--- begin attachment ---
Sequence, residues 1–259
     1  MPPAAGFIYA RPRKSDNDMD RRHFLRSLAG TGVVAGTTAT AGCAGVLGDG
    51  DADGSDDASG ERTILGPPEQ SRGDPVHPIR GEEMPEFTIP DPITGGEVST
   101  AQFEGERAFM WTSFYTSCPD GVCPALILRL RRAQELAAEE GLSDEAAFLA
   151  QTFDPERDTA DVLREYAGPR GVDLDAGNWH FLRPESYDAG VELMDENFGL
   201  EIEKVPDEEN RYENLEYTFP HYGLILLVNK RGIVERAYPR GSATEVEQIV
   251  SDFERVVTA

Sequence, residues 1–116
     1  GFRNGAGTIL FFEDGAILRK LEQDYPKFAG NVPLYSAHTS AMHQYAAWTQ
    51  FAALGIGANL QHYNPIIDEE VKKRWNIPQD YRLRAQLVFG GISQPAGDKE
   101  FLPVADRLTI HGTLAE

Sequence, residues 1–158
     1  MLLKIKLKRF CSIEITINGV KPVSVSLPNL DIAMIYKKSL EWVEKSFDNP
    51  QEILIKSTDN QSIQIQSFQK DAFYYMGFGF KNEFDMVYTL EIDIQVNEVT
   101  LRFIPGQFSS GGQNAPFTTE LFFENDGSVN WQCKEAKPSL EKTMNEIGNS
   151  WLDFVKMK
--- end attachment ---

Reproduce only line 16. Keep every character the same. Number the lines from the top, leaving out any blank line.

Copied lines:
   151  WLDFVKMK